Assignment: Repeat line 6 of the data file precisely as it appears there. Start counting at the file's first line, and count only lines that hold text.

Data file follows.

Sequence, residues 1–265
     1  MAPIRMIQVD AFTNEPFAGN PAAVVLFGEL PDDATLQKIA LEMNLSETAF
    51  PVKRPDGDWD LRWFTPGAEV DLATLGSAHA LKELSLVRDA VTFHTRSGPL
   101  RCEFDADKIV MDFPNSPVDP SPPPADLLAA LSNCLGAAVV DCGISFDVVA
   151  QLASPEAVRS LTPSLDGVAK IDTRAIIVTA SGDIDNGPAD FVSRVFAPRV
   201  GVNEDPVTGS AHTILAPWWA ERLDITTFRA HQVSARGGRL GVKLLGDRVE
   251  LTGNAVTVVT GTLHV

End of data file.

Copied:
   201  GVNEDPVTGS AHTILAPWWA ERLDITTFRA HQVSARGGRL GVKLLGDRVE